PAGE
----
Ziggy Hood – This depends solely on two things. Does Hood feel he can get more on the open market? Is he ok accepting what could end up being a one-year starting position while the team continues to develop younger options (it’s a good defensive line draft at the top, and the team has spoken highly of Brian Arnfelt and Nick Williams, not to mention having Al Woods on stand-by as well).
Larry Foote – The Steelers have to like the idea of having another draft to help bolster some depth at inside linebacker, and for as badly as the team missed Foote in 2013, Vince Williams and/or another free agent for a few bucks cheaper than Foote’s scheduled to make is probably the right direction. This isn’t to say Williams is the unquestioned starter by any means, but Foote may just be making too much.
Brett Keisel – It will come down to Keisel or Hood, and maybe neither. It’s just tough to not let him test the market, and he’ll likely bring in an offer from another 3-4 team looking to bolster its defensive line with a proven winner and leader.
Ryan Clark – A dependable safety, Clark can probably make more than what the Steelers would be in the market to offer. He could also skip the head-rattling world of the NFL and head to the studio.
A little early for the draft, but who are some of the players from your perspective the team should be targeting in the first few rounds, and why?
We’ve dipped into this quite a bit on the site, and haven’t made our way into the middle rounds just yet. Looking at realistic options for the No. 15 pick, I think Notre Dame’s Stephon Tuitt shows a lot of promise, and could be the versatile, multi-position three-down kind of player the defensive line could use. I was also very impressed with Minnesota’s Ra’Shede Hageman (to the point when he blows up at the Combine, we’ll see only single digits in front of his name in any mock draft).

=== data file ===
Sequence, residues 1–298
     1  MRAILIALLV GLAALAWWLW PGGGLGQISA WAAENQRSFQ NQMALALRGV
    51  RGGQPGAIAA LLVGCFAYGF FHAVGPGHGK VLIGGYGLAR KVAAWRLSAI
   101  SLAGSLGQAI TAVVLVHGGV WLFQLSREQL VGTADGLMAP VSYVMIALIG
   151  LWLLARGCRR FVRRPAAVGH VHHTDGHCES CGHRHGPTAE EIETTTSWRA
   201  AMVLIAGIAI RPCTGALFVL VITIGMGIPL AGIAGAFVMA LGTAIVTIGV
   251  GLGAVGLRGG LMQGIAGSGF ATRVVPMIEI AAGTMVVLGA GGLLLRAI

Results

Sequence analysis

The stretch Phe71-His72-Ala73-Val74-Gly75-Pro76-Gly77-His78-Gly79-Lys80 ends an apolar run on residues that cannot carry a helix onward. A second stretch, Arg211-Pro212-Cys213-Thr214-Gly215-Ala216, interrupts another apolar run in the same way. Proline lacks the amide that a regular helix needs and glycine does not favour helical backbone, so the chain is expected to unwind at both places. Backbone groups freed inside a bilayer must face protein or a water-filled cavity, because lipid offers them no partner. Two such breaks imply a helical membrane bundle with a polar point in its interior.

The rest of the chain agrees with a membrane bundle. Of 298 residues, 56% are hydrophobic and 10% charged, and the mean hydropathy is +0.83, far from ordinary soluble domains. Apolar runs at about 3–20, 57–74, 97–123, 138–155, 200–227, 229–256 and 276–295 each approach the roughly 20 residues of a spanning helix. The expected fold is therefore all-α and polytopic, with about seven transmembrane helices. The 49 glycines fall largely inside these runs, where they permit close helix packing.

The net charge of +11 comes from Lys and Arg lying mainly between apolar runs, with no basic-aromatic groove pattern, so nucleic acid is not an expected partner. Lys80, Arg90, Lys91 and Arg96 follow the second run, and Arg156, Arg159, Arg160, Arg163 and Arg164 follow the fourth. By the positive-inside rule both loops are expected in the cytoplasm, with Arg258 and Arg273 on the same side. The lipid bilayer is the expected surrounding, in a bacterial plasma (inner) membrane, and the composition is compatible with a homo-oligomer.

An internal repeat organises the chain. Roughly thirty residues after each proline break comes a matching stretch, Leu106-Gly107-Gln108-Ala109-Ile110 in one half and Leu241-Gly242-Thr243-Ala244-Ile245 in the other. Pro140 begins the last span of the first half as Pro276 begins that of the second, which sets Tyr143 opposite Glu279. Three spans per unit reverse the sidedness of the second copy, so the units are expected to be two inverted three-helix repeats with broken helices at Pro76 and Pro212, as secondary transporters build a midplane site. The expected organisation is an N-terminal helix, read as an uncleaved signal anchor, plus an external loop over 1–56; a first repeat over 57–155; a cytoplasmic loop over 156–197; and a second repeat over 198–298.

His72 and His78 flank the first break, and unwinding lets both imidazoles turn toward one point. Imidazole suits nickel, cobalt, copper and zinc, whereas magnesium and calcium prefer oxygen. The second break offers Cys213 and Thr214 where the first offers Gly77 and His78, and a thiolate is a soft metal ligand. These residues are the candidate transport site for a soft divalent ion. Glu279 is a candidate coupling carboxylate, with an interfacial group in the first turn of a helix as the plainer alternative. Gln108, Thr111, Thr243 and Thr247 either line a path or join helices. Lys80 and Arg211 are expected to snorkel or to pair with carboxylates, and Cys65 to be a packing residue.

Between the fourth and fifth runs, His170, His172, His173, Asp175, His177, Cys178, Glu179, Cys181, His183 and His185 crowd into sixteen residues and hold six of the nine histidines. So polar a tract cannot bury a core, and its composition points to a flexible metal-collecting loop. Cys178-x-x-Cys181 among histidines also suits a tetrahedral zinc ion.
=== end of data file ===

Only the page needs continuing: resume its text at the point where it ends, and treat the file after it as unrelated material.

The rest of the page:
C.J. Mosely also looks like an outstanding prospect. By the time the Combine and All Star games are over, I think you’ll start to hear people connecting Mike Evans to Pittsburgh (although I’m not sold on him being worth that pick). Ultimately, if you told me now I’d get a 5 percent stake in the team if I was right with my prediction today, I’d say NT Louis Nix from Notre Dame.
The team could use Steve McLendon in a similar fashion as I suggested Tuitt could, giving them some added athleticism and spontaneity among their front seven. Nix is a true nose tackle, and for as solid as McLendon has been, he isn’t. Nix fits a need, and considering the Steelers gave up a slew of big runs this past year (none of those came on third down, either, so the idea of Nix not being on the field much doesn’t really matter), it seems to fit player value as well as team need better than any others I could see falling to 15.
Likewise, any free agents in the Ryan Clark, Jame Farrior mode could you see the team realistically targeting this offseason to plug some holes on this roster?
The fun part about following the Steelers during free agency is we don’t know who the next Farrior and Clark are, so naturally, we assume that’s what we’ll get when they step on the field.
We will already get to see a fully healthy (knock on wood) Matt Spaeth, which we were sort of robbed of last year. That’s a plus right there. Otherwise, I am not entirely sure who, if anyone, they’d really target, but if they did, it would likely be because they were unable to keep one of their own free agents.